October 4, 2007

Duluth Verdict: Guilty [7:49 pm]

RIAA trial verdict is in: jury finds Thomas liable for infringement

After just four hours of deliberation and two days of testimony, a jury found that Jammie Thomas was liable for infringing the record labels’ copyrights on all 24 the 24 recordings at issue in the case of Capitol Records v. Jammie Thomas. The jury awarded $9,250 in statutory damages per song, after finding that the infringement was “willful,” out of a possible total of $150,000 per song. The grand total? $222,000 in damages.

Downloader’s Blues, indeed!

See also Defendant owes $222,000 for illegal downloading; Record companies win music sharing trial

Another point: Judge in Atlantic v. Howell, Pro Se case, Vacates Prior Order Upholding “Making Available” Theory; Schedules Oral Argument October 18th

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OT: Schadenfreude Not As Much Fun When It’s Your Own Government [12:46 pm]

I mean, who’s really surprised by this? Secret U.S. Endorsement of Severe Interrogations

When the Justice Department publicly declared torture “abhorrent” in a legal opinion in December 2004, the Bush administration appeared to have abandoned its assertion of nearly unlimited presidential authority to order brutal interrogations.

But soon after Alberto R. Gonzales’s arrival as attorney general in February 2005, the Justice Department issued another opinion, this one in secret. It was a very different document, according to officials briefed on it, an expansive endorsement of the harshest interrogation techniques ever used by the Central Intelligence Agency.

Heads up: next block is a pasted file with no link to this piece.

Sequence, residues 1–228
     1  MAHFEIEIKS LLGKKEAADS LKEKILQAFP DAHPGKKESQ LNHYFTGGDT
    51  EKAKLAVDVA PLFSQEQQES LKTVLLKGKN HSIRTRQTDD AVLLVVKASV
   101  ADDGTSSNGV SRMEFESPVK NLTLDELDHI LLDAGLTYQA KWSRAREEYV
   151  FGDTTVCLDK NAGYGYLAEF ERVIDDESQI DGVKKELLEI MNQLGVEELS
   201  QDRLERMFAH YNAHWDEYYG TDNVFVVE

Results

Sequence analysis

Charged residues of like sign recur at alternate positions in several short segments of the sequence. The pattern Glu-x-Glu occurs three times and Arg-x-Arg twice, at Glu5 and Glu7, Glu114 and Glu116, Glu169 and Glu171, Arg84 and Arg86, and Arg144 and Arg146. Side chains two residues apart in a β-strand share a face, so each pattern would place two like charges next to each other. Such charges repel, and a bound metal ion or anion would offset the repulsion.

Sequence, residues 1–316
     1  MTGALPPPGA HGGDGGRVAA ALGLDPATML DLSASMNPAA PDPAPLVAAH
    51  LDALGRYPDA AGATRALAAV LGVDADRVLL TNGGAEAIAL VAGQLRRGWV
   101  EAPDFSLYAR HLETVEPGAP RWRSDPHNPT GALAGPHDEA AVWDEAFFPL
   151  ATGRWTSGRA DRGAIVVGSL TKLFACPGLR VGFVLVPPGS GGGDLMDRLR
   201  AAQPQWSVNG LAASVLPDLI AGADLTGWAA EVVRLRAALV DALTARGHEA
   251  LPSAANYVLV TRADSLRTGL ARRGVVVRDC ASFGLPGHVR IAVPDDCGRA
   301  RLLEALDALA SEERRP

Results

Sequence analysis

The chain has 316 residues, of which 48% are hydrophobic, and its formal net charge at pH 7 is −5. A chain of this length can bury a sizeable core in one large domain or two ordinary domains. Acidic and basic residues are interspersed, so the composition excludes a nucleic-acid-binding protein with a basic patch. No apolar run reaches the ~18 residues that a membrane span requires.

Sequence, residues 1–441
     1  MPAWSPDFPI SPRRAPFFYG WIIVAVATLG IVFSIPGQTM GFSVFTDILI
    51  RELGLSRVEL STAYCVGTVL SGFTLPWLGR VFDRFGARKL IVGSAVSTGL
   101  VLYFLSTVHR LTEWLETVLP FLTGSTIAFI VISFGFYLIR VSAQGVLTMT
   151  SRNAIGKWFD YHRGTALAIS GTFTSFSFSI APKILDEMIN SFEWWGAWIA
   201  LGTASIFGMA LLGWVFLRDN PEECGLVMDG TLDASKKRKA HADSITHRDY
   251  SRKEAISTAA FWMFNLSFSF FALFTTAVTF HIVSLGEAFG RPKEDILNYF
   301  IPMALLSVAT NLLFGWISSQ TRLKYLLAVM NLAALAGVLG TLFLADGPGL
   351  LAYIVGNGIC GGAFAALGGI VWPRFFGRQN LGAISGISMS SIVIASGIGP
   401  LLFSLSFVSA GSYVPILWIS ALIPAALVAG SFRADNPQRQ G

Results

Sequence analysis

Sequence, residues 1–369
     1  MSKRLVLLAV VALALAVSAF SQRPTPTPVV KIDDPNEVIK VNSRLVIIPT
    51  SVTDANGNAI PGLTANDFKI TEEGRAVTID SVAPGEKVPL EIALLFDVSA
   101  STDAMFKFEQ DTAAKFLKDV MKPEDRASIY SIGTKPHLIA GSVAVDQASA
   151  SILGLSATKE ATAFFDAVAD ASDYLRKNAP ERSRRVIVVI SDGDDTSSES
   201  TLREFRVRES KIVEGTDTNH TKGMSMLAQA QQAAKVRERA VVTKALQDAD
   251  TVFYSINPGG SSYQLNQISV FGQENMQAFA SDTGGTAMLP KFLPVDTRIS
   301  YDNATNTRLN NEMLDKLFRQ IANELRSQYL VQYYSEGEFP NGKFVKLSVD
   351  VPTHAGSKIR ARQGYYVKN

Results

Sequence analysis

The new opinion, the officials said, for the first time provided explicit authorization to barrage terror suspects with a combination of painful physical and psychological tactics, including head-slapping, simulated drowning and frigid temperatures.

Mr. Gonzales approved the legal memorandum on “combined effects” over the objections of James B. Comey, the deputy attorney general, who was leaving his job after bruising clashes with the White House. Disagreeing with what he viewed as the opinion’s overreaching legal reasoning, Mr. Comey told colleagues at the department that they would all be “ashamed” when the world eventually learned of it.

Hell, *I’m* ashamed!!

Later: One minor redeeming thought (well, two) — at least I’m not from Idaho and I’m not a Republican - Text of Sen. Larry Craig’s Statement

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A Sign of the End Times? [11:55 am]

Or just an indicator of how poorly statistics reflect reality? Or how easily they can be manipulated? (I hope!) Britney’s ‘Gimme More’ a digital hitpdf

Britney Spears bombed at the MTV Video Music Awards. Then her ex-husband, K-Fed, was ruled the better parent. But on Tuesday, Spears had a reason to smile: her new single has moved into the Top 10 on the U.S pop chart, suggesting that perhaps the public has not yet tired of the singer — at least when it comes to her music.

“Gimme More” landed in the No. 1 position on Billboard’s Hot Digital Songs chart, having sold 179,000 downloads in its first week of release. That helped the song rocket up Billboard’s Hot 100 this week, jumping 65 slots to land at No. 3 on the overall pop chart, which includes digital downloads, CD sales and radio airplay.

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EU OKs Consolidation Move [11:51 am]

Sony-BMG music merger gets formal clearance from the EUpdf

The European Commission gave Sony Corp. and Bertelsmann unconditional clearance Wednesday to combine their music units, concluding that the deal, originally approved in 2004, was not monopolistic.

The European Union’s executive arm approved the deal a second time after a court ripped up the original over antitrust concerns and told regulators to reexamine it.

The commission concluded that the deal, which formed the world’s second-largest record label, “would not create or strengthen a dominant or collectively dominant position in the music markets” of Europe.

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